In another sweeping action upending immigrant communities, the Trump Administration Monday announced it is terminating Temporary Protected Status for more than 200,000 immigrants from El Salvador who’ve been living here protected from deportation for nearly 17 years. The decision was met with widespread condemnation from church leaders, labor and immigrant rights groups and business organizations calling for Congress to act to spare the Salvadorans, many of whom have U.S. citizen children and employers who want them to stay.
Department of Homeland Security Kirstjen Nielsen said that “the substantial disruption” to conditions caused by an earthquake in 2001 and that led to providing TPS, as protective status is called, no longer exist. She announced that the administration was delaying termination of the Salvadorans’ TPS for 18 months. She said this period “will allow Congress to craft a potential legislative solution” if lawmakers choose to prevent such a large immigrant group with deep roots here from becoming undocumented overnight.
After the news broke, Cristian Chavez Guerrero, 37, a Houston resident with three children and a U.S. legal resident wife, broke down in tears during a Monday press call organized by the pro-immigrant America’s Voice group in Washington, D.C.
“Right now, there is a storm in my head ... I feel lost,” Chavez Guerrero said in English that he’s mastered, along with information technology job skills, since arriving here in 2000. Frank Sharry, executive director of America’s Voice Education Fund, called the TPS decision “a cruel and heartless announcement” that threatens to drive Salvadorans “back to a country engulfed in corruption, violence and weak governance.”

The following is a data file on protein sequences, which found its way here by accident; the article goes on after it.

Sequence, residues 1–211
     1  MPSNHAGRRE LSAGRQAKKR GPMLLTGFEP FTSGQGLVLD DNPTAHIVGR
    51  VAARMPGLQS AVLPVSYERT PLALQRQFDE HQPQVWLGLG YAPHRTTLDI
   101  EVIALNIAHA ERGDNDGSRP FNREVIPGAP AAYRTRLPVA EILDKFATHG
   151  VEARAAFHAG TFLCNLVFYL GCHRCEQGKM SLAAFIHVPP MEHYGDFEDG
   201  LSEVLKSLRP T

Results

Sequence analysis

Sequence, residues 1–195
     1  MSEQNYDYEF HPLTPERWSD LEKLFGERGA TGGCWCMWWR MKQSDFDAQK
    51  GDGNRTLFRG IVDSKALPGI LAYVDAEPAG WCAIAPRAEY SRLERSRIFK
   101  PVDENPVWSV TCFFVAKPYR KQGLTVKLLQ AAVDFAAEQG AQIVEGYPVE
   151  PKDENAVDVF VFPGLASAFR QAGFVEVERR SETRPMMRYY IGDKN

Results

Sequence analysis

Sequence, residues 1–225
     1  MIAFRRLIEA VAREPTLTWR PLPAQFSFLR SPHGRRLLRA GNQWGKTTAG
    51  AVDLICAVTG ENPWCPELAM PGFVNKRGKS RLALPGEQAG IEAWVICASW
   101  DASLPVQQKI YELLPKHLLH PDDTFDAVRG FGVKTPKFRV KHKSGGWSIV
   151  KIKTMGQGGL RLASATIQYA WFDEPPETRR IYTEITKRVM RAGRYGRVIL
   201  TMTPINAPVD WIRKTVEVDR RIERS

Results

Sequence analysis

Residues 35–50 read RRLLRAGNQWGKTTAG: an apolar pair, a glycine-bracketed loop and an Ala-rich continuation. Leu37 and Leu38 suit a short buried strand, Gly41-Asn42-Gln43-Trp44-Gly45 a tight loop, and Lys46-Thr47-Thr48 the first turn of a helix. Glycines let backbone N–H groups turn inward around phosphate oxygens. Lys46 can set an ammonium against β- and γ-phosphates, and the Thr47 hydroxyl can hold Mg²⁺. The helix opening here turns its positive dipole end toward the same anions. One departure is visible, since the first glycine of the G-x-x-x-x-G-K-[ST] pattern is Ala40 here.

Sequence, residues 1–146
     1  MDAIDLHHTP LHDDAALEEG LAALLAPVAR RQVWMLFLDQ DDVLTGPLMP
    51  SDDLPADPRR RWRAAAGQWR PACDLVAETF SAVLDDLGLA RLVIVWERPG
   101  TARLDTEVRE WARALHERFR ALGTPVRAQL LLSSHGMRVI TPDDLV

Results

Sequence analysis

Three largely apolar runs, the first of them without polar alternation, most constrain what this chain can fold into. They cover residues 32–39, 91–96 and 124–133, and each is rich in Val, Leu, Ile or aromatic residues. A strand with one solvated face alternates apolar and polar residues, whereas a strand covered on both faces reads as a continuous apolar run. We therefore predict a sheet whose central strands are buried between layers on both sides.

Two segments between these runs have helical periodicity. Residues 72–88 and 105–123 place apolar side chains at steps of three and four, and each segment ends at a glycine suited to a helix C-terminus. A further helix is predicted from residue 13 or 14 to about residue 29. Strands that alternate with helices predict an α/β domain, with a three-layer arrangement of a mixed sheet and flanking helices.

Others echoed those sentiments.
“Families who have contributed to our economy and our communities deserve better than being told to abandon the lives they’ve built here and to leave for a country they may hardly know anymore,” Jay Timmons, president of the National Association of Manufacturers, in a statement. “The uncertainty that immigrants face today isn’t just a disservice to them; it threatens the future of our exceptional country. Manufacturers call on Congress to act.”
TPS is a program that has allowed administrations to extend temporary residency to foreign nationals on U.S. soil at a time when a profound disaster—natural or political—strikes in their home countries. Originally, close to 300,000 Salvadorans in the United States were vetted and granted TPS after a killer earthquake rocked the small Central American country in 2001, as the Center for Public Integrity explained in a recent story. Congress created TPS as part of the Immigration Act of 1990.
TPS is not a precursor to a green card, or permanent legal status. Some TPS holders have been able to obtain green cards through marriage, for example, but most, even if they have U.S. spouses, have no way forward to legal status at this time.
Most of the Salvadorans who qualified for TPS were undocumented, and had arrived after fleeing a brutal civil war that raged between 1980 and 1992. The United States was deeply involved in the war, providing military support to the Salvadoran government. Salvadorans have also fled the country since that time to join family in the United States and to escape both poverty and rising organized crime. More than half of those with TPS status have lived here for more than 20 years.